Both scientists and science fiction writers have thought about the concept of a rotating wheel space station since the beginning of the 20th century. Konstantin Tsiolkovsky wrote about using rotation to create an artificial gravity in space in 1903. Herman Potočnik introduced a spinning wheel station with a 30-meter diameter in his Problem der Befahrung des Weltraums (The Problem of Space Travel). He even suggested it be placed in a geostationary orbit.
A rotating wheel space station, or von Braun wheel, is a hypothetical wheel-shaped space station that rotates about its axis, thus creating an environment of artificial gravity.
Von Braun Space Station is just a design now but has the potential to become the first commercial space hotel with artificial gravity “operational by 2025 with 100 tourists visiting the station per week”. Designed by the Gateway Foundation, the Von Braun Space Station is resembling a space ship. The structure will consist of two concentric structural rings fixed together with a set of spokes supporting a Habitation Ring made-up of large modules.
According to The Gateway Foundation, the rotating space station will be designed to produce varying levels of artificial gravity by increasing or decreasing the rate of rotation.
The space hotel will have gravity so guests can walk around.
The station will be designed from the start to accommodate both national space agencies conducting low gravity research and space tourists who want to experience life on a large space station with the comfort of low gravity and the feel of a nice hotel. The space hotel will offer 24 space suites with “Earth view” fully operational restaurants, bars and cinemas.
“Some of the space station’s modules will be sold as private residences, wrote businesstelegraph.co.uk, while government and science agencies such as NASA will rent the others.”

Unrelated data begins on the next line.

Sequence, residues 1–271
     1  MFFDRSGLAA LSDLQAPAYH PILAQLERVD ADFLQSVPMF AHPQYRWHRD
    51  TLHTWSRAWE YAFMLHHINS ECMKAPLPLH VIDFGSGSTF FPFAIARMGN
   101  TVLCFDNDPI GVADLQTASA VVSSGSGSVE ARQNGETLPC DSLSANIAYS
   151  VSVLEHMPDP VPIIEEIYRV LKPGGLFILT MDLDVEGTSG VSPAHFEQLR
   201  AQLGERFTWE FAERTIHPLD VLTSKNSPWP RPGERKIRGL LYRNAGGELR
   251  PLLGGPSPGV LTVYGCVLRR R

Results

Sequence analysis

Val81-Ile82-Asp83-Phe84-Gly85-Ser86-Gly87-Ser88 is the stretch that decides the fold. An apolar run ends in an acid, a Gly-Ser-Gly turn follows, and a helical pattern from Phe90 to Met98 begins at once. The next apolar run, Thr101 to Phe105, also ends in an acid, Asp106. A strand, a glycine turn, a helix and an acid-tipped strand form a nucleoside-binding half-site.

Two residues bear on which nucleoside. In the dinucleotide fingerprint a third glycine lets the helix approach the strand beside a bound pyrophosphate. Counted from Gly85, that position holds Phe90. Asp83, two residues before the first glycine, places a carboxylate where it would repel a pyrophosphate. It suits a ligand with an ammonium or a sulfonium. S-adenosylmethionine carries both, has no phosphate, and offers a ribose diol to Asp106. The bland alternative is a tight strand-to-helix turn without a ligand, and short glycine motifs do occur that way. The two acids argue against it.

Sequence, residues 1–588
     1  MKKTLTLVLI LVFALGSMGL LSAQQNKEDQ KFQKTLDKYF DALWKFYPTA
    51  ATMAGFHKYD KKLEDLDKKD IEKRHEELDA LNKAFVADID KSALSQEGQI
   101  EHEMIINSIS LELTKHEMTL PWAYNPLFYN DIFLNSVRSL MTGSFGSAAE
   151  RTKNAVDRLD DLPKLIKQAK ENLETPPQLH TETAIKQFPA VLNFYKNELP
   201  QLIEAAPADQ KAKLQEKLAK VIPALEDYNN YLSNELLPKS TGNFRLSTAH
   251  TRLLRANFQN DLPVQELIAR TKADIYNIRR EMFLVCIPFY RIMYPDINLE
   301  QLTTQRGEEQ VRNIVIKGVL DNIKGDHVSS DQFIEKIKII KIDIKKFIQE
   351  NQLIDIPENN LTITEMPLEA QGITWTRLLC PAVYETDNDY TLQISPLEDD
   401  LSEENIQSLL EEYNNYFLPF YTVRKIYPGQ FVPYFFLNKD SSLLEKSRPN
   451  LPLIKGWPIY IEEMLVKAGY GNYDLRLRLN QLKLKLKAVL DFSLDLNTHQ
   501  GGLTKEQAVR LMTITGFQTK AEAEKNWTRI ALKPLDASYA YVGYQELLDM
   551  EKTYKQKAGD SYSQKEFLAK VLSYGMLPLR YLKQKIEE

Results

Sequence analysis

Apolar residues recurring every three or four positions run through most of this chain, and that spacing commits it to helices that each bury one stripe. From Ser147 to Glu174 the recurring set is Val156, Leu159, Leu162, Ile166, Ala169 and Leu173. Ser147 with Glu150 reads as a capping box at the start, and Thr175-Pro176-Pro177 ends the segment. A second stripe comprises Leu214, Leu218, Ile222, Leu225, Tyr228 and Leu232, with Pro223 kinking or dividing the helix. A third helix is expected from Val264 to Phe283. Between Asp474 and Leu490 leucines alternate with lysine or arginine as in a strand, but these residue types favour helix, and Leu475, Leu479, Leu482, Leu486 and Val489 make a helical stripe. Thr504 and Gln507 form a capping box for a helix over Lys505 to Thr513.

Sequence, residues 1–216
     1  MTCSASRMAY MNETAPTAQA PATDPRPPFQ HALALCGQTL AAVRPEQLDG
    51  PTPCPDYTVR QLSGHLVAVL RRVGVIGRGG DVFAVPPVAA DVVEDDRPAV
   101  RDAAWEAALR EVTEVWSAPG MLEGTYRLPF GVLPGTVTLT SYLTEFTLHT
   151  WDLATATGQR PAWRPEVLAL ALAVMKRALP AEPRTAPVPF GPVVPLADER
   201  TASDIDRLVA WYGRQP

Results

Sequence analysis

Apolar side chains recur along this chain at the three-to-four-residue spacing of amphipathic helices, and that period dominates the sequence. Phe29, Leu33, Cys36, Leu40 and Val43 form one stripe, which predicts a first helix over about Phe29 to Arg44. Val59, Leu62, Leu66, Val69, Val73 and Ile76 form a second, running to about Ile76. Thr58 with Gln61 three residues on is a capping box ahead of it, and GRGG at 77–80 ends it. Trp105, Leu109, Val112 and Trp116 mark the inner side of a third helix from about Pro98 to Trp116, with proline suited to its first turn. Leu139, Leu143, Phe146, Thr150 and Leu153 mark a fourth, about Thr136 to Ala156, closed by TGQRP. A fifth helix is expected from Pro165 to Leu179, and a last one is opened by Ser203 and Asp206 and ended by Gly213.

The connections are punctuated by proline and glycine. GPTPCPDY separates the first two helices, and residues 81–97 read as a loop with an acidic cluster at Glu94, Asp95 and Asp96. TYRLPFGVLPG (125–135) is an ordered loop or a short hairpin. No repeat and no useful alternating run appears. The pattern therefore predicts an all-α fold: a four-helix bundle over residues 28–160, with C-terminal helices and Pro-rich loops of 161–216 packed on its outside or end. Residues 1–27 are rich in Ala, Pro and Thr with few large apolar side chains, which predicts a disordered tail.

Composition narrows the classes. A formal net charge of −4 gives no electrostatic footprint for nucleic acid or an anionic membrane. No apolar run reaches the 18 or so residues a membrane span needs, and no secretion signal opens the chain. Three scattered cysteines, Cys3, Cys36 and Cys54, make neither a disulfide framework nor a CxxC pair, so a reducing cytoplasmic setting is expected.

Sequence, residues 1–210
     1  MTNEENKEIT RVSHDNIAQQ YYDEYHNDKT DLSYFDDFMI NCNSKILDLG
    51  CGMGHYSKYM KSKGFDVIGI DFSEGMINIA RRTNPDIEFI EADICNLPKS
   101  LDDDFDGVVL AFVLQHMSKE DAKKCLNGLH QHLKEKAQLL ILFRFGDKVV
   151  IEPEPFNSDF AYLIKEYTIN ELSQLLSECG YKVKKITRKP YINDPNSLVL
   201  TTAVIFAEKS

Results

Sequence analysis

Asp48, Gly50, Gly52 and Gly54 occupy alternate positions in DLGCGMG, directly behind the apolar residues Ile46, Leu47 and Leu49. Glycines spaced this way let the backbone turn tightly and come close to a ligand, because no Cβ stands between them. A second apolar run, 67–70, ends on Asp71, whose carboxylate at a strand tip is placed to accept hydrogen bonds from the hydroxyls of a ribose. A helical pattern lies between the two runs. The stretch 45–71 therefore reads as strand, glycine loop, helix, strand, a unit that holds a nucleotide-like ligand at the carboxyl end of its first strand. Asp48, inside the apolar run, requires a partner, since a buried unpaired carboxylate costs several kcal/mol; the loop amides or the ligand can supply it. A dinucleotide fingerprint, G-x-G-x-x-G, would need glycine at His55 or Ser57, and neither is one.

An un-pressurized ring structure with docking arms and stabilizers designed to capture and lock in place a visiting spacecraft to unload passengers and cargo. At first there will be one docking port, but later we will add another so that two craft can be docked to the station at the same time. All passenger and cargo access to the station will be through a set of pressurized access tubes connecting the Docking Hub to the Outer Ring Truss.
NASA has never attempted to build a rotating wheel space station, for several reasons. First, such a station would be very difficult to construct, given the limited lifting capability available to the United States and other spacefaring nations. Assembling such a station and pressurizing it would present formidable obstacles, which, although not beyond NASA’s technical capability, would be beyond available budgets. Second, NASA considers the present space station, the ISS, to be valuable as a zero gravity laboratory, and its current microgravity environment was a conscious choice.
More recently, NASA has explored plans for a Nautilus X centrifuge demonstration project. If flown, this would add a centrifuge sleep quarters module to the ISS. This makes it possible to experiment with artificial gravity without destroying the usefulness of the ISS for zero g experiments. It could lead to deep space missions under full g in centrifuge sleeping quarters following the same approach.